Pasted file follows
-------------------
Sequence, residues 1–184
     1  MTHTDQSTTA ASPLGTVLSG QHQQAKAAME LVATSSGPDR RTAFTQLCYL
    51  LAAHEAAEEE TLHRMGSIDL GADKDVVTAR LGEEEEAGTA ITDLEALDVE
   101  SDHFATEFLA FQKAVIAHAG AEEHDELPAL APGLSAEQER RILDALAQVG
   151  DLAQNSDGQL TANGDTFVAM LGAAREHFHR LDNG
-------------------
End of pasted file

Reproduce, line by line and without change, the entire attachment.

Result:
Sequence, residues 1–184
     1  MTHTDQSTTA ASPLGTVLSG QHQQAKAAME LVATSSGPDR RTAFTQLCYL
    51  LAAHEAAEEE TLHRMGSIDL GADKDVVTAR LGEEEEAGTA ITDLEALDVE
   101  SDHFATEFLA FQKAVIAHAG AEEHDELPAL APGLSAEQER RILDALAQVG
   151  DLAQNSDGQL TANGDTFVAM LGAAREHFHR LDNG